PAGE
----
Sedona, Ariz., is one of Chandler Tschand's favorite places in the world. He's been there dozens of times, so it's no coincidence that he and his wife,  Asha (the official owner), named their year-old Woodstock restaurant Sedona Grill.

Nor is it a coincidence that Southwestern fare is the culinary theme here. This cuisine favors a kinder, gentler approach than the spicier Tex-Mex (and Mexican) styles of Arizona's neighbors. It is generally less heated with well-balanced background flavors. This eatery offers both Mexican-style preparations and typical American pub fare, often with Arizona-style touches. Thus, there's the cowboy burger with Worcestershire and barbecue sauces, and the Hawaiian burger with  grilled pineapple.


But if you're looking for tongue-searing stuff, you can get it. The house salsa (with homemade tortilla chips for $3.50) will definitely stimulate your taste buds. There are also house-made red hot poppers — jalapeños   stuffed with cream cheese, battered and fried for $5.50. Hot's the word, but the house-made approach was a nice change from most you find on pub menus these days.

We also ordered an appetizer of a pair of chicken flautas ($5.50) featuring plump, crisp, lightly browned flour tortillas wrapped around a generous filling of marinated grilled chicken with lettuce, sour cream and house-made guacamole (they do at least two batches a day) on the side.

The four of us opted for Tex-Mex (Southwestern-style, of course) entrées.  Each came with fluffy rice with a bit of tomato juice tossed in with it and either pinto beans or black beans. The rice made a pleasant foil for the meat dishes. The beans, both pinto and black, were tenderly cooked and well flavored.

Beef fajitas ($10.95) featured — yes — beef, marinated, grilled, tender and ample, along with sautéed onions and bell peppers to tuck inside warm flour tortillas.  Simple and comforting.

You get three tacos for $7.95, all served with lettuce, tomatoes and jack cheese.  Filling choices include beans, shredded beef, or pulled white meat chicken, or get all three, plus a choice of crispy corn or flour tortillas.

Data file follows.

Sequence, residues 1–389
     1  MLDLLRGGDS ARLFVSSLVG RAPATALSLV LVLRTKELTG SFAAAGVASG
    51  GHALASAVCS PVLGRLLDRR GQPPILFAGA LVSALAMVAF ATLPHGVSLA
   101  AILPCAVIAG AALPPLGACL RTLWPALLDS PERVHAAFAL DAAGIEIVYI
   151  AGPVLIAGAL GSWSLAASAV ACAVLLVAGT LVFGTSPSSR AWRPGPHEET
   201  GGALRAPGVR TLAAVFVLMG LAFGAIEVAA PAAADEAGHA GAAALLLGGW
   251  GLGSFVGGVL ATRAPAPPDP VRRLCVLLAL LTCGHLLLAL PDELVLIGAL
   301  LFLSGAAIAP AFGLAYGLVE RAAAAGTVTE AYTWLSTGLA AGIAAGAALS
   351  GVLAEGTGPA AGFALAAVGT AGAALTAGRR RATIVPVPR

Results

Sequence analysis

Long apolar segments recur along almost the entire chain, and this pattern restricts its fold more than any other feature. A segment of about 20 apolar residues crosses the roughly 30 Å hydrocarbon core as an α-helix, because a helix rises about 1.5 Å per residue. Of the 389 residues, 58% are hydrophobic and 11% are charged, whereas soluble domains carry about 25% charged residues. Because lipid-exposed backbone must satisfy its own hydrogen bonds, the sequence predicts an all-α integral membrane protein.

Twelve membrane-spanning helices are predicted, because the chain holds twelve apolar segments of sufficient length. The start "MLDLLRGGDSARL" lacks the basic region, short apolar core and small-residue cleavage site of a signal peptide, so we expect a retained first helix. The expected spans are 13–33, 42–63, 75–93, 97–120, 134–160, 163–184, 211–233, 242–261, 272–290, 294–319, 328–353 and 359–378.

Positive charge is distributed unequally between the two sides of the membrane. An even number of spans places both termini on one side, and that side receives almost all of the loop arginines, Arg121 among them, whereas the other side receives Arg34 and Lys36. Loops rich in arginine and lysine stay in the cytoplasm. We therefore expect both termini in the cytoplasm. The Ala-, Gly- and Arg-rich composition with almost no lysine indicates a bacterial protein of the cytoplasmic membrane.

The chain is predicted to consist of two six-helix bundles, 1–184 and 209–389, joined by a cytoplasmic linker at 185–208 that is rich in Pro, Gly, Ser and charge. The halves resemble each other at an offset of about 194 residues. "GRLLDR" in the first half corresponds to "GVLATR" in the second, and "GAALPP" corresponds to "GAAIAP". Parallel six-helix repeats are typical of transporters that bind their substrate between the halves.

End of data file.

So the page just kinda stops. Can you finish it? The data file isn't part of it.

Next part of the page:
There's a menu section called "Popular Combinations" that features mix-and-match Texican favorites. Our guest's combo starred a pair of chicken enchiladas and a shredded beef taco ($8.95). Mild enchilada sauce enlivened the tender chicken enchiladas, while the shredded beef taco, though tasty, was stuffed inside a too-chewy tortilla.

The first time I had fish tacos was about 16 years ago in Laguna Beach, Calif., at a thriving little seaside eatery called — if you can believe it — Fish Tacos. The fish (not cod) was marinated and lightly grilled, and there was plenty of it stuffed inside soft flour tortillas with shredded cabbage added for crunch. They remain to this day a benchmark for me.

Sedona Grill fixes fish tacos just that way (almost), using tilapia as a base and cooking it just right. Three small ones ($10.95) were most welcome, even though shredded lettuce, not cabbage, was on the side. Nestled in with the fish were grilled onions — a flavorful touch.

The Tschands have named many of their items for Sedona area sights. The Verde Valle Entrées section boasts Red Rock Enchiladas. Among sandwiches, burgers and sub choices is the Grand Canyon Trail Wrap, featuring a flour tortilla with a choice of meat (pulled chicken breast, pulled pork, shredded beef), peppers, onions, rice, black beans, tomatoes, lettuce, cheese and guacamole.

Another plus with this Sedona are the reasonable prices. The costliest dinner entrée – Arroz con Pescado – is only $11.95, and it's a combo platter.

No dessert, as usual, but that's partly because a redeveloped dessert menu is in the works, says Chandler Tschand, along with an expanded dinner menu featuring more seafood and the addition of  Margarita Chicken, which has been a very popular chef's special.

We'll be sure to check it out.

Sedona Grill
10805 Birmingham Way